The concern with upward trending fuel prices is the flow on effect.
Living in a regional area, public transport seems to be focussed on school kids and shoppers not commuters. So, I'm faced with little choice but hopping in the car to get to work. Every extra dollar I pay for fuel is either a dollar I don't spend elsewhere or an extra TWO dollars I need to earn. With tight budgets in most households, I'm pretty sure I'm not the only one thinking this way.
The flow on effect is that it impacts other non-negotiable areas of the budget, where the same equation of either redirecting dollars or earning extra can be applied. Pretty soon, all the money earned is directed to must haves only (food & shelter), consumer loans go into arrears and the household budget (and economy) springs a leak.
When fuel prices go up it creates a negative feedback loop that doesn't stop until the price goes down again, like after the Global Financial Crisis (GFC) in 2008. These bumps on the graph leave behind a lot of wreckage and lots of people and businesses either wont recover or wont be recovered enough before the next bump completes.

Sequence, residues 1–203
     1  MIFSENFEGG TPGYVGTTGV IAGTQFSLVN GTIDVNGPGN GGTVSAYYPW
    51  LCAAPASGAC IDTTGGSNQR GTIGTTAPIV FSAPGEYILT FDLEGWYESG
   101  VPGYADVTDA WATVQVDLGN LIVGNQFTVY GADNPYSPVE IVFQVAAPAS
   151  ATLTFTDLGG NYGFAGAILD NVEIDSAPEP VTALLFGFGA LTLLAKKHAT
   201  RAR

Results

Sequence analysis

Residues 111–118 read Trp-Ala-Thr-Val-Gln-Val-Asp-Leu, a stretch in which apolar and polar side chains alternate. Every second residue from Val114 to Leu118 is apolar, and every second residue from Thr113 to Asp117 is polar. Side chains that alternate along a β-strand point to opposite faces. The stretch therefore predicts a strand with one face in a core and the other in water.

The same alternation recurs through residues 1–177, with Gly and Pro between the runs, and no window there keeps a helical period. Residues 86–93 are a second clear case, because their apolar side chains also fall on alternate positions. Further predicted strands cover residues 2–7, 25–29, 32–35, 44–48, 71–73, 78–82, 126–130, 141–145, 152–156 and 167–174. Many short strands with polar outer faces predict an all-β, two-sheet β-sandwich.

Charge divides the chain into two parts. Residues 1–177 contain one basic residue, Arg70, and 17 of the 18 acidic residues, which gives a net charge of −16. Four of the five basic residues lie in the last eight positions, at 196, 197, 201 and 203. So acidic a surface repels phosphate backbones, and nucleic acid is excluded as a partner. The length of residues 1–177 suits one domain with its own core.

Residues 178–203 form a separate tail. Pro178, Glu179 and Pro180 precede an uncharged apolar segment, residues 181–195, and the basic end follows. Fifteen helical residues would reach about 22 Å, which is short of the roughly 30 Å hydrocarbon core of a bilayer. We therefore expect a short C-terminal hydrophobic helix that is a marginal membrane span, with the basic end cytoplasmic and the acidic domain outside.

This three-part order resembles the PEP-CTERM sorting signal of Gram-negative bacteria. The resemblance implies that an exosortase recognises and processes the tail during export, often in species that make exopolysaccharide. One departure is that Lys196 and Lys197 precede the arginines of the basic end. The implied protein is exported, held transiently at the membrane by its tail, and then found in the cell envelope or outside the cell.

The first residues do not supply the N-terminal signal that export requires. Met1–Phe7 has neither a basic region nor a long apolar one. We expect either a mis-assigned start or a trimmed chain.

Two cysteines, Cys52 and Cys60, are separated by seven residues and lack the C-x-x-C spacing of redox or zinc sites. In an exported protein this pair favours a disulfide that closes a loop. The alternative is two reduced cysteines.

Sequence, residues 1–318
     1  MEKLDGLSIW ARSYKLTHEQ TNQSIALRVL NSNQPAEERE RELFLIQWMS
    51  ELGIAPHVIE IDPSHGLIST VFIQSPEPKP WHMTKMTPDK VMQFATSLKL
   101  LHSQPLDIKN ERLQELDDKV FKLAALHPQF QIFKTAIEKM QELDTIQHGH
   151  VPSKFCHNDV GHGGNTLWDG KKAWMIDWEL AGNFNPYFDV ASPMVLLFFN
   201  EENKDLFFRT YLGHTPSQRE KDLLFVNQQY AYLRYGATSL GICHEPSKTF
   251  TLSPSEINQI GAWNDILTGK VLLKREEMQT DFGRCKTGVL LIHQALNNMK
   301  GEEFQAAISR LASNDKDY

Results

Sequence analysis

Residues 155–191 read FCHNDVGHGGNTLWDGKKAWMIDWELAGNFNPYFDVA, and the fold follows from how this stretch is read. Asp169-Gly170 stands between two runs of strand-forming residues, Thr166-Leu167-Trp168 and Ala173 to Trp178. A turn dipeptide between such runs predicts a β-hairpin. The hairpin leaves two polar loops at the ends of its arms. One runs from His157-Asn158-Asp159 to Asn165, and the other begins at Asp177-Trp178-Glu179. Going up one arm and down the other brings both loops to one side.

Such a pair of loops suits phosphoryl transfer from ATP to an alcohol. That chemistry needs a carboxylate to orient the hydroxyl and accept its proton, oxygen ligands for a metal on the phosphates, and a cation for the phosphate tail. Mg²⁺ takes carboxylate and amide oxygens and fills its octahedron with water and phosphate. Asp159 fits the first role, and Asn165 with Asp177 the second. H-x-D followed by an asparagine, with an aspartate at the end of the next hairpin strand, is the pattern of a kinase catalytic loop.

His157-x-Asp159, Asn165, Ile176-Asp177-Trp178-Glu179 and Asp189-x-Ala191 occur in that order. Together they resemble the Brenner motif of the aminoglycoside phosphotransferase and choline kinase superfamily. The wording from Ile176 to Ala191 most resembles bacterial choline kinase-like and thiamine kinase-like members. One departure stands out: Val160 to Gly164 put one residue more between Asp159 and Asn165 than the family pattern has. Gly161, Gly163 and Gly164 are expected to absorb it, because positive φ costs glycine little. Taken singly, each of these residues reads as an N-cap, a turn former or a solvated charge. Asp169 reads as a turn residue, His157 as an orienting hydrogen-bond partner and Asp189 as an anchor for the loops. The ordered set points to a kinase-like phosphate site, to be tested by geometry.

Building resilience and self-reliance into your daily life is the most economically responsible thing you can do.
Fuel prices are the bubble in the level. Our entire economy is based on cheap fuel so when the balance tips toward higher prices - everything tips. Another GFC is not impossible and this time most of the developed world is carrying huge debt from bailing out big business. Where will the next round of bailouts come from? How will they finance them when all credit sources are exhausted?
I don't think you need to be a fatalist/doomsayer/'The end is nigh' type to see the logic in finding a way to soften the impact of another global economic meltdown.
Along with mortgage interest rate rises, fuel price increases are a great motivator for adding another patch or two to your own patchwork economics.